To be frank, I don’t usually get excited about 15 page PDFs with the words “theoretical foundations” in them, but just reading the overview caused an unexpected level of excitement. I wasn’t just eager to actually see the answer to the dreaded question, “Why are we doing this?” I was realizing that the core values and beliefs upon which ERWC was built aligned perfectly with my own values and beliefs as an educator.
Here is the rundown of what you will find in the Theoretical Foundations, in bullet point fashion:
- Culturally Sustaining Pedagogies (asset-based approach)
- Reading and Writing as Social Practices
- Broadening Notions of “Reading,” “Composing,” and “Literacy”
- Thinking Rhetorically
- Supporting Literacy through Student-Centered Discussion
- Expanding the Inquiry Space (Supporting Productive Struggle and Goal Setting)
- Universal Design for Learning
- The Roles of Engagement and Motivation
- Transfer of Learning
This is the dream course to teach, folks. And in dreaming that we all read and internalize these foundational beliefs in the Theoretical Foundations document, below are the three I treasure most and am hopeful to connect with fellow ERWC teachers about (seriously, hit me up!).
1. Culturally Sustaining Pedagogies (an asset-based approach)
We didn’t become teachers to tell students “You’re wrong” and to make them feel inferior. As a student, though, I can recall several formative moments where I was made to feel exactly this, and perhaps your experience in education was peppered with moments of being made to feel “less than” too.
As I have matured as a teacher, I have grown to see many of the circumstances where I experienced feelings of inadequacy had more to do with people participating in a system that skewed toward deficit thinking: emphasizing what was lacking, missing, or “wrong.” If it didn’t fit the expectation, or norm, then there was a “problem” that needed to be “fixed.”
The ERWC Theoretical Foundations for Reading and Writing Rhetorically makes it clear that everyone, student and teachers, is to be viewed as individuals who are in the process of building. What each of us have built up, and what has been built into us, is worth celebrating and strengthening. Taking in this section of the Theoretical Foundations is giving me the strength to challenge assessment norms I grew up with and was trained to use in my classroom. Too often our assessment tools emphasize what a student can’t do, how what they produced doesn’t fit, instead of helping students recognize the wonderful assets they already have and building from there.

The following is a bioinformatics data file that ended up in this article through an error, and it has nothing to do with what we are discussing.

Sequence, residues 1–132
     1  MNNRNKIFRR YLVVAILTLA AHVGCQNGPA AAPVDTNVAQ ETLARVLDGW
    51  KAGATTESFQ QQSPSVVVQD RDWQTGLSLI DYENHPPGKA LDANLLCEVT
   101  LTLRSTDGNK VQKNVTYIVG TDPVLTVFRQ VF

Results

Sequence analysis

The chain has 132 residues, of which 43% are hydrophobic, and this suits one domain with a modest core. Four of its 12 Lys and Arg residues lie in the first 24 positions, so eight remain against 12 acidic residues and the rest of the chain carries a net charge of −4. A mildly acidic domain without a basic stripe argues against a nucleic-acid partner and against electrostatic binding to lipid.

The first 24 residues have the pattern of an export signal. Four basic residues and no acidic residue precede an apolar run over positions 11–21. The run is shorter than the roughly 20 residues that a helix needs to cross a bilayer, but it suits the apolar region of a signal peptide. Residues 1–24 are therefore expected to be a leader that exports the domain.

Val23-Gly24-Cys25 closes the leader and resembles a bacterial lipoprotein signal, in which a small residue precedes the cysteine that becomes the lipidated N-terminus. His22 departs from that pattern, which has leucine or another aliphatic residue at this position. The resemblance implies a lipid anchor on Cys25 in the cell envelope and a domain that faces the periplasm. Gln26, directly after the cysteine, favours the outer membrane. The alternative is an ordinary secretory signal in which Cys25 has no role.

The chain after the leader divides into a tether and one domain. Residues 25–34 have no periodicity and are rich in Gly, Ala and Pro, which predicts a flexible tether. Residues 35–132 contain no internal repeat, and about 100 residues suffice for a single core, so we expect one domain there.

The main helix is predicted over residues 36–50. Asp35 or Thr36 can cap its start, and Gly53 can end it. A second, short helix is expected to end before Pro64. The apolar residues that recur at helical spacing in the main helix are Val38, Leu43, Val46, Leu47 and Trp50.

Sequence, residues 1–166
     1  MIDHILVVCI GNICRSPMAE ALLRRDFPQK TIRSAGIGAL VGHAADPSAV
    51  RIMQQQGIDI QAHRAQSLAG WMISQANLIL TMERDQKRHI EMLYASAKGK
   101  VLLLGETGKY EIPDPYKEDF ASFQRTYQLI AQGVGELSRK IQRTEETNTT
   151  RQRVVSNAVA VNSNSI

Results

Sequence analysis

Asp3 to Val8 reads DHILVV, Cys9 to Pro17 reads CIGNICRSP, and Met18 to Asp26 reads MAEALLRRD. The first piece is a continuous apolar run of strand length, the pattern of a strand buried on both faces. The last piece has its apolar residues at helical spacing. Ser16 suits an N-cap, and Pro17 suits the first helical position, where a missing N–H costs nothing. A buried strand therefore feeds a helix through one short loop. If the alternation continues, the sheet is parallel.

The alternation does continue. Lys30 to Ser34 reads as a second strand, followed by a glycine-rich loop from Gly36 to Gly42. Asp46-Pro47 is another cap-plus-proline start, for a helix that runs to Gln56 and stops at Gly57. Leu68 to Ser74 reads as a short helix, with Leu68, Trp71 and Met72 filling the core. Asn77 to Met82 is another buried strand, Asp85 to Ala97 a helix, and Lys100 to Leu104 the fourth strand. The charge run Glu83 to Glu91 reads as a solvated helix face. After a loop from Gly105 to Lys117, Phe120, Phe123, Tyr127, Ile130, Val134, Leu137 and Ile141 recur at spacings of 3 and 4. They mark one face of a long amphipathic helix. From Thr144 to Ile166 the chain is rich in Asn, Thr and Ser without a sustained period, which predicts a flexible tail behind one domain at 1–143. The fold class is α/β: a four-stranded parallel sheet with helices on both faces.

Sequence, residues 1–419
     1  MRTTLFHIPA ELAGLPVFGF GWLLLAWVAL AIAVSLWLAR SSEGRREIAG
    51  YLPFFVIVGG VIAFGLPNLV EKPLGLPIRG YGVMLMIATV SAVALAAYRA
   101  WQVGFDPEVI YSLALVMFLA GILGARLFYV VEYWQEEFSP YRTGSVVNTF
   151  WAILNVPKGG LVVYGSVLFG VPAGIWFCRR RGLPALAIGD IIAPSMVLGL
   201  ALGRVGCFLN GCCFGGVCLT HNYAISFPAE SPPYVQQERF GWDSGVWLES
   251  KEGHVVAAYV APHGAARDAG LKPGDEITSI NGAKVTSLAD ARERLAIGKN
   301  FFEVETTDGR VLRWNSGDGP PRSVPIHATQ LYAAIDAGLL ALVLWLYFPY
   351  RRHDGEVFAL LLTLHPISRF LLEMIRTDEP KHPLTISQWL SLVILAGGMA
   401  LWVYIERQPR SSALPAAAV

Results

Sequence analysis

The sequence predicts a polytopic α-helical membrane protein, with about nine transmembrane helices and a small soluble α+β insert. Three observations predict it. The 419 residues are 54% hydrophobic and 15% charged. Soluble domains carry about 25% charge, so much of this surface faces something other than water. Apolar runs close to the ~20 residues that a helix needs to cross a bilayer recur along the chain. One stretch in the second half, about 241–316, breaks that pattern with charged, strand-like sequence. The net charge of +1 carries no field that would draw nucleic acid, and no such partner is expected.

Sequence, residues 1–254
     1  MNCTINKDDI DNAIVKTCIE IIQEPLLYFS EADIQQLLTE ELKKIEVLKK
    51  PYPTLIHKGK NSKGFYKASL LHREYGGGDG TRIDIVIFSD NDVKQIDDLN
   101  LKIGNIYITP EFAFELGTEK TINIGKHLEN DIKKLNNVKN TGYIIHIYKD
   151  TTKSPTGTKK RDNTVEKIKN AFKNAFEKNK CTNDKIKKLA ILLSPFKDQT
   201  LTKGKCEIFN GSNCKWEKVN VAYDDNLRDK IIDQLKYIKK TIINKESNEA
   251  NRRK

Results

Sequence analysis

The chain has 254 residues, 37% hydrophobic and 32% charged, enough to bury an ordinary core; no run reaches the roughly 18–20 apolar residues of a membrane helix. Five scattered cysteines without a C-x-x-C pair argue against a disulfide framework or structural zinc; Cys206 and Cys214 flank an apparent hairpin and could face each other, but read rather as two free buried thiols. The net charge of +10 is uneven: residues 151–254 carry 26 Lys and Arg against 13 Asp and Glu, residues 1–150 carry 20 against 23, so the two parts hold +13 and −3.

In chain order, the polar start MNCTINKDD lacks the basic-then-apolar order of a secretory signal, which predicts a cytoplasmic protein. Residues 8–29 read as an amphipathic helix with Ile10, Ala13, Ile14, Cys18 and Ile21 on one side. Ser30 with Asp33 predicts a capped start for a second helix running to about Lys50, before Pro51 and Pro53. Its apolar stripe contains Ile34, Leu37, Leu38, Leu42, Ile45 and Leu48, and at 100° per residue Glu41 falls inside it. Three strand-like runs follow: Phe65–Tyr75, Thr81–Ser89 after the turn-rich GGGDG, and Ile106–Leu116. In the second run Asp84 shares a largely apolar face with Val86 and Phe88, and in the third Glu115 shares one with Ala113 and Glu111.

2. Supporting Literacy through Student-Centered Discussion
Learning is social. We process new ideas better together, and ERWC certainly wades into some big concepts. To quote from the Theoretical Foundations, “[W]e first encounter new ideas, processes, and information in real world contexts (including in texts), and we then make sense of new knowledge collaboratively through talk and social interaction with others.”
When I first encountered ERWC, all the activities in a module seemed impossible to squeeze into the calendar. “You want me to teach how many modules in a semester!?” It took some time to realize that I could complete many of the activities through conversation, but for some reason I tricked myself into believing this was a cheat, not something condoned by the ERWC “powers that be.” I could not have been more wrong. In my classroom, conversation, in various forms, has become a key feature in shaping students’ understanding of the material while accelerating the time it can take to work through a module to fidelity.
Understandably, this has been difficult–bordering on seemingly impossible– this past year, but it’s a practice worth fighting for on behalf of our students. And there are some clever ways teachers within the ERWC community have made room for student-centered discussion during distance learning.
3. Expanding the Inquiry Space
When I first started teaching ERWC, that’s what I did: I taught ERWC. I wish I could go back and apologize to those students I taught in my first year with ERWC. Back then we only addressed the questions I thought were important, and I worked to funnel my students to the answers that I deemed worthy.
Over the years, I have made major shifts in my practice that put student questions at the front. More and more I have transitioned away from the teacher as the principle mover through a module. These days it’s more student questions that drive my classes through a given module.
If you’re even the slightest bit encouraged or excited about working these elements from the Theoretical Foundation, let’s get connected! Not sure how, here’s a few ways:
- Follow the blog
- Leave a comment below
- Connect with the community on social media
QUESTION: How about you? What are you most attracted to in the upgrade to 3.0?
*Developers of the third edition of the Expository Reading and Writing Curriculum (ERWC) Theoretical Foundations for Reading and Writing Rhetorically document include Mira-Lisa Katz, Nelson Graff, Norm Unrau, Ginny Crisco, and Jennifer Fletcher.